Anti-Intellectualism and American Revivalism

The historic Christian church has typically been a thinking church.  From Paul to Augustine to Bernard to Aquinas to Calvin to Owen (including many others), Christianity has had a robustly intellectual side to it.  Many Christians have taken seriously Jesus’ command to love God with our minds.

In the American church, however, there has been a strong strain of anti-intellectualism.  Even today, people still joke that seminary is like a cemetery where faith goes to die.  I’ve heard many Christians speak critically of higher theological learning.  Some Christian circles have a built-in disdain for academic theological and biblical studies.  With a critical tone they say, “You can’t learn such and such from any professor in seminary!”

J. P. Moreland noted that (generally speaking) Christianity in America started out with decent emphasis on theological/biblical education, but “in the middle 1800s… things began to change dramatically, though the seeds for the change had already been planted in the popularized, rhetorically powerful, and emotionally directed preaching of George Whitefield in the First Great Awakening in the United States from the 1730s to the 1750s.”

“During the middle 1800s, three awakenings broke out in the United States: the Second Great Awakening (1800-1820), the revivals of Charles Finney (1824-1837), and the Layman’s Prayer Revival (1856-1858).  Much good came from these movements, but their overall effect was to emphasize immediate personal conversion to Christ instead of a studied period of reflection and conviction; emotional, simple, popular preaching instead of intellectually careful and doctrinally precise sermons; and personal feelings and relationships to Christ instead of a deep grasp of the nature of Christian teaching and ideas.  Sadly, as historian George Marsden notes, ‘anti-intellectualism was a feature of American revivalism.’”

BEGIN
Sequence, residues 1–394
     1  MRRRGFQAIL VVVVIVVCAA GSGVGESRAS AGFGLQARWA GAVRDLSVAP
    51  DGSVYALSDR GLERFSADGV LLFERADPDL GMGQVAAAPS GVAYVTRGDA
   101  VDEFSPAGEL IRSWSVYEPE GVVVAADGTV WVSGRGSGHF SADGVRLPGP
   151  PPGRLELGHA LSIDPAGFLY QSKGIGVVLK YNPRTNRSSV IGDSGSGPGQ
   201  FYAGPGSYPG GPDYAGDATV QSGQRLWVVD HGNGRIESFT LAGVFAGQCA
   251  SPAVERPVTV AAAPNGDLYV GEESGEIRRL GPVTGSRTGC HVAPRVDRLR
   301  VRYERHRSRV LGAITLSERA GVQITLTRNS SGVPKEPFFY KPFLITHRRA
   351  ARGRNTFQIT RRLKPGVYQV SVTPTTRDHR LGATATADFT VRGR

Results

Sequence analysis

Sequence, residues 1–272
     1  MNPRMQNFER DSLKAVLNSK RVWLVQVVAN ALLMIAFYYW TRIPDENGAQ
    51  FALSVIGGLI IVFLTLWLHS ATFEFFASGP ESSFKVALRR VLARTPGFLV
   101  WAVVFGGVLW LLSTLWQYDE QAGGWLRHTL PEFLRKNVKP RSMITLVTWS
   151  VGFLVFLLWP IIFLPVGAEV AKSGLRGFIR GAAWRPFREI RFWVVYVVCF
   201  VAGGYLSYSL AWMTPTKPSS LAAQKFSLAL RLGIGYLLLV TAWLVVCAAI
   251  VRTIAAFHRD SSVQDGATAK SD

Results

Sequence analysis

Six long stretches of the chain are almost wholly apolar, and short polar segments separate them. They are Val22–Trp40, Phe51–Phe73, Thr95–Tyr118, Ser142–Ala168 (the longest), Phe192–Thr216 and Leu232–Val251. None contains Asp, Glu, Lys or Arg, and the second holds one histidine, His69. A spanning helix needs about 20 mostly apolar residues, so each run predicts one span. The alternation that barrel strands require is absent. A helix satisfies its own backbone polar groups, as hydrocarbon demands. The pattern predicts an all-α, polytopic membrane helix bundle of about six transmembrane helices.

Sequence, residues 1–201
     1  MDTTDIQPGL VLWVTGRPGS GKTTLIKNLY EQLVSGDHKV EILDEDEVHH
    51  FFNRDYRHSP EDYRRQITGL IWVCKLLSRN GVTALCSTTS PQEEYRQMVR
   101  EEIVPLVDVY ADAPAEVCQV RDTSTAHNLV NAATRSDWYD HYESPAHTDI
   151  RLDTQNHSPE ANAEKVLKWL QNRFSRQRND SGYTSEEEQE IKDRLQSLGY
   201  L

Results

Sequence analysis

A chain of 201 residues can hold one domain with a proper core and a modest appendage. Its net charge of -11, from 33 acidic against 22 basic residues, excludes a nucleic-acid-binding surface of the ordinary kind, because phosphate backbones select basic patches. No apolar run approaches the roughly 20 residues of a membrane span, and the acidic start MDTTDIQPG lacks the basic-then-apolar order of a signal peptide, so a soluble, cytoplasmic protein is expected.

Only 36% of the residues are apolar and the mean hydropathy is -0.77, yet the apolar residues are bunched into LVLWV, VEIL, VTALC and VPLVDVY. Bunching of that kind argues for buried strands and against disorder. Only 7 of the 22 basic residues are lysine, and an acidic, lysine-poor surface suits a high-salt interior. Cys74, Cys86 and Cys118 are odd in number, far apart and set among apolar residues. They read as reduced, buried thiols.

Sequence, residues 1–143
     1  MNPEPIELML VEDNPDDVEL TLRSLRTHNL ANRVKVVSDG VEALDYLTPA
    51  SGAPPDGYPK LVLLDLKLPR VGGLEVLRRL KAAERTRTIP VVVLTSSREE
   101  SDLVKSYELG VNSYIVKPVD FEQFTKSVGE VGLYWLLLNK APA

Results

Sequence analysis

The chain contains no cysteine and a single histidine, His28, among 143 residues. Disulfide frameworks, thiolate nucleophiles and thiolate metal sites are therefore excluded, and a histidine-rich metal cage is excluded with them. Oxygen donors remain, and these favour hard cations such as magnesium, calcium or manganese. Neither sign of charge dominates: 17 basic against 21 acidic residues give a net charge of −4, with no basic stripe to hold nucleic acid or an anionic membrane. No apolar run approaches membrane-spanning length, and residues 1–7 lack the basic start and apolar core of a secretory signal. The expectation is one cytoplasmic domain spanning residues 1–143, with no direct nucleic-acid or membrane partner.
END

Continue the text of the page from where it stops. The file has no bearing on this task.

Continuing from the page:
“Obviously, there is nothing wrong with the emphasis of those movements on personal conversion.  What was a problem, however, was the intellectually shallow, theologically illiterate form of Christianity that became part of the populist Christian religion that emerged.  One tragic result of this was what happened in the so-called Burned Over District in the state of New York.  Thousands of people were ‘converted’ to Christ by revivalist preaching, but they had no real intellectual grasp of Christian teaching.  As a result, two of the three major American cuts began in the Burned Over District among the unstable, untaught ‘converts’: Mormonism (1830) and the Jehovah’s Witnesses (1884).”

Those are some important observations to note.  It is no coincidence that today there are many cults/sects in the United States that came out of populist American Christianity.  One blessing of rigorous theological and biblical study is it helps combat error.  One Puritan put it something like this:

“Ignorance is not the mother of devotion but of heresy.”

The above quotes can be found on pages 22-23 of J. P. Moreland, Love God With All Your Mind.

shane lems

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4 comments on “Anti-Intellectualism and American Revivalism

  1. Machen deals with this same issue (not revivalism, but anti-intellectualism) in What Is Faith?

  2. matt says:

    And often the “ignorance” is due to laziness. Christians don’t want to do the hard work. They really don’t know what they’re missing. Studying the Scriptures and having a real intellectual grasp of Christian doctrine is a blessing like none other.

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